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POETRY

Hunger Meditation

by Amie Whittemore

 
I want the open door laughter makes.
 
Your mouth, a hive bereft of bees.
 
I kiss. I string the humming.
 

 
Here, the fearful backstage:
 
costumes stripped, lighting hollow.
 
Here is where someone’s hidden
 
the knives and the wind.
 

 
If we were to leave—if we were
 
to make a bed of sand dune
 
from this shabby stagecraft
 
from these lines, un-memorized—
 

 
I want the open door grief makes.
 
My mouth a nest of eggs, chipped.
 
You kiss. You guide the threading.

 

Ode to the Half-Male, Half-Female Cardinal

Praise be to social media for winging
 
                    you to me, O chimera, O paradox,
 
O symbol of this century where gender
 
                is a threadbare shirt no one likes anymore,
 
            but we can’t quite throw off—O rogue, O provocateur,
 
O whimsy—sometimes mistakes
 
              are beautiful your half-scarlet ensemble reminds me.
 
Reports suggest you’ve found a partner
 
                who finds your prismatic garments enticing
 
and that your left ovary
 
            might function so someday your young will call
 
you mother and father,
 
              call you Allegory, Union, Blend, Foil. Call you Coin,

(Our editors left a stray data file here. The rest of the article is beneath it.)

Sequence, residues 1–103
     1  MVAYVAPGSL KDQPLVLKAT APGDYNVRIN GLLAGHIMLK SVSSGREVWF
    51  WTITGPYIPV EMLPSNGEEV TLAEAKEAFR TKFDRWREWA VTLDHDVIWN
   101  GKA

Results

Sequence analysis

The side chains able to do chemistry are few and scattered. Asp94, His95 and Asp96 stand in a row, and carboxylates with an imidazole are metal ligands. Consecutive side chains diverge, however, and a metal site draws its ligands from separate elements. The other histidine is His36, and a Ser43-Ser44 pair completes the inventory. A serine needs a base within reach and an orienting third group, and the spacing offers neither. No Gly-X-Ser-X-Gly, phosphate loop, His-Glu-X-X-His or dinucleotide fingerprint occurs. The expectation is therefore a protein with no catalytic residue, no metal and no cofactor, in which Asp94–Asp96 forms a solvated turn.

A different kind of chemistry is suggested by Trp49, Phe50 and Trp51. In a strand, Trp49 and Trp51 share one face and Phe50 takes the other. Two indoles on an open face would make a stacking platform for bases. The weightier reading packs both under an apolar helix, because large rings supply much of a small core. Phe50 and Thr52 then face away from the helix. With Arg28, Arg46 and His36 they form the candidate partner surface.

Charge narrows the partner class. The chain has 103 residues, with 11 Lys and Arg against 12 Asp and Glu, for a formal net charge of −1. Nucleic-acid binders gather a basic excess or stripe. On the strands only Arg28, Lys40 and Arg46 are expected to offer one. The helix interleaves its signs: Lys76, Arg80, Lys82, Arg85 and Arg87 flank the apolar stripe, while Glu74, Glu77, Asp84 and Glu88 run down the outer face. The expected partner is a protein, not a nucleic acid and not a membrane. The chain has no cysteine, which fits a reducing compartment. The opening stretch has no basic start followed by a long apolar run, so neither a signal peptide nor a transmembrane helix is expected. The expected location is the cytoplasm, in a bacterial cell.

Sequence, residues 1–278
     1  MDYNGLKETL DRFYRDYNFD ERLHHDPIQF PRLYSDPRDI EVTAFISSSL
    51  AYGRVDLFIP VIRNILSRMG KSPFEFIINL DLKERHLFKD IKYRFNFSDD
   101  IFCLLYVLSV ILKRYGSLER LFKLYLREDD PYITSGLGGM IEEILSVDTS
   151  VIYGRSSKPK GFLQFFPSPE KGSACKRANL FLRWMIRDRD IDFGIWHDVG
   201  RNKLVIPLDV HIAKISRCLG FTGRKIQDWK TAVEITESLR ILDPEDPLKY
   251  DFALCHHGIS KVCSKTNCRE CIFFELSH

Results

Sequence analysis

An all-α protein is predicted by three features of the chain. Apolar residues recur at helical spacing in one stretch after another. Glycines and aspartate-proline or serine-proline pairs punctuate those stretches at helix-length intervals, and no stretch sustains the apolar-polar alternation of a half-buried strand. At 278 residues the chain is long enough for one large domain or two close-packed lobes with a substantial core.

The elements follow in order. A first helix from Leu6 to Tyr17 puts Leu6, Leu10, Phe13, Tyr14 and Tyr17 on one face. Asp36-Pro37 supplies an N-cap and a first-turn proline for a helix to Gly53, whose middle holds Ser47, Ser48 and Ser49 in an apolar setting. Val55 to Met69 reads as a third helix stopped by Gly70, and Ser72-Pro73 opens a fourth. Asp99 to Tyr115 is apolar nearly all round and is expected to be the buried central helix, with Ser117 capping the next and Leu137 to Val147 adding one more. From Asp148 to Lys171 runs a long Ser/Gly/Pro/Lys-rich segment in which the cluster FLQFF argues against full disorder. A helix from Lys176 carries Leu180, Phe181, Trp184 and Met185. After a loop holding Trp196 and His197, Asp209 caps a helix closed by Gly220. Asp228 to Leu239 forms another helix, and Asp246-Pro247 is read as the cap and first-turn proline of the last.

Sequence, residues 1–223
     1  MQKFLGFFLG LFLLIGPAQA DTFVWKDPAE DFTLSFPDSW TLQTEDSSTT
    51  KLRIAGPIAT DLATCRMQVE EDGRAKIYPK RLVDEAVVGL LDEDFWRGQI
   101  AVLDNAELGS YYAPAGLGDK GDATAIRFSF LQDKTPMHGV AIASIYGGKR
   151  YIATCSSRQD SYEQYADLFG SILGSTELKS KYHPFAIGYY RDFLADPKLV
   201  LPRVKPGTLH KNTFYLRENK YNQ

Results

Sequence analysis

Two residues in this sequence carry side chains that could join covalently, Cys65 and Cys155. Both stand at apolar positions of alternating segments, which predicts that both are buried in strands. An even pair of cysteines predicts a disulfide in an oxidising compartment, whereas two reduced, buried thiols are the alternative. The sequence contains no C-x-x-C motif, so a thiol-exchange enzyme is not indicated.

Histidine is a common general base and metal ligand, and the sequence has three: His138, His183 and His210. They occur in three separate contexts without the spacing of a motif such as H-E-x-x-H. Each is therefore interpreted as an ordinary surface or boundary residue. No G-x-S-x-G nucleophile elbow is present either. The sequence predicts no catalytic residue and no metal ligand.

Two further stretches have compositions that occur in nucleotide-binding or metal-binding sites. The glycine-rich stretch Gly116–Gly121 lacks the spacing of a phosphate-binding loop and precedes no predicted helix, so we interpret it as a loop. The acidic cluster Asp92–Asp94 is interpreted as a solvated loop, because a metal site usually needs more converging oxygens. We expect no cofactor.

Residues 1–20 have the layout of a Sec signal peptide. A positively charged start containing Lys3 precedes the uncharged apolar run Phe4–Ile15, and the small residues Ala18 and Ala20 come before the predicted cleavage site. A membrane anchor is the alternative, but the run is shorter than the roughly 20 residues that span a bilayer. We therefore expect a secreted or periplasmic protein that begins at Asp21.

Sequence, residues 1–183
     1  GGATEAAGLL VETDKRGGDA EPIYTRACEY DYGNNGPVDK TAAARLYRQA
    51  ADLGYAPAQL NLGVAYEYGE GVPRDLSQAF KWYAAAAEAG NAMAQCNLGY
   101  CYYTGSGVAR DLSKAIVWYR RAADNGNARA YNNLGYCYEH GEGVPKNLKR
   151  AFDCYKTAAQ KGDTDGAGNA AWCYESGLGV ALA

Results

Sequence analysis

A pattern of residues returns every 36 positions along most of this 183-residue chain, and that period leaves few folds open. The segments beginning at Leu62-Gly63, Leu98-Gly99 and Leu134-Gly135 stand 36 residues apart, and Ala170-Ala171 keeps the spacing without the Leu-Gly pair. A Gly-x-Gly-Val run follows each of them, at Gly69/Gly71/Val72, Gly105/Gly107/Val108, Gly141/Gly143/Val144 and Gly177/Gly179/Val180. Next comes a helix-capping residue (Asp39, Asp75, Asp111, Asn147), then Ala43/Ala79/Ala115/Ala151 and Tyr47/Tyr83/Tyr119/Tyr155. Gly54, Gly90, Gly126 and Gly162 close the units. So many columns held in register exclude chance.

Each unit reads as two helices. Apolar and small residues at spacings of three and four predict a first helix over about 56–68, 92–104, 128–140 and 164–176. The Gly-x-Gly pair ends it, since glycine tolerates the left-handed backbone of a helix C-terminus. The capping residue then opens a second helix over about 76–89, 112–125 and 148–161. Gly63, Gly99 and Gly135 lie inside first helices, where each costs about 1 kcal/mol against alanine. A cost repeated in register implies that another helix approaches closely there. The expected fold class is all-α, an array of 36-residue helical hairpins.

Switch, Duple, Fusion, Songless: you sing only for yourself.
 
My heart knows
 
            it can slough gender like feathers—
 
still, it envies the way your outfit disrobes you
 
              of expectations, like paint
 
                        freckling a mirror.

Amie Whittemore
Amie Whittemore is the author of the poetry collection Glass Harvest (Autumn House Press) and the 2020 Poet Laureate of Murfreesboro, Tennessee. Her poems have won multiple awards, including a Dorothy Sargent Rosenberg Prize, and her poems and prose have appeared in The Gettysburg Review, Nashville Review, Smartish Pace, Pleiades, and elsewhere. She is the Reviews Editor for Southern Indiana Review and teaches English at Middle Tennessee State University.
Submit your work! Grist: A Journal of the Literary Arts, seeks high quality submissions from both emerging and established writers. We publish craft essays and interviews as well as fiction, nonfiction, and poetry—and we want to see your best work, regardless of form, style, or subject matter. We read general submissions from May 15 - August 15 and from March 15 - April 30 for our ProForma Contest.

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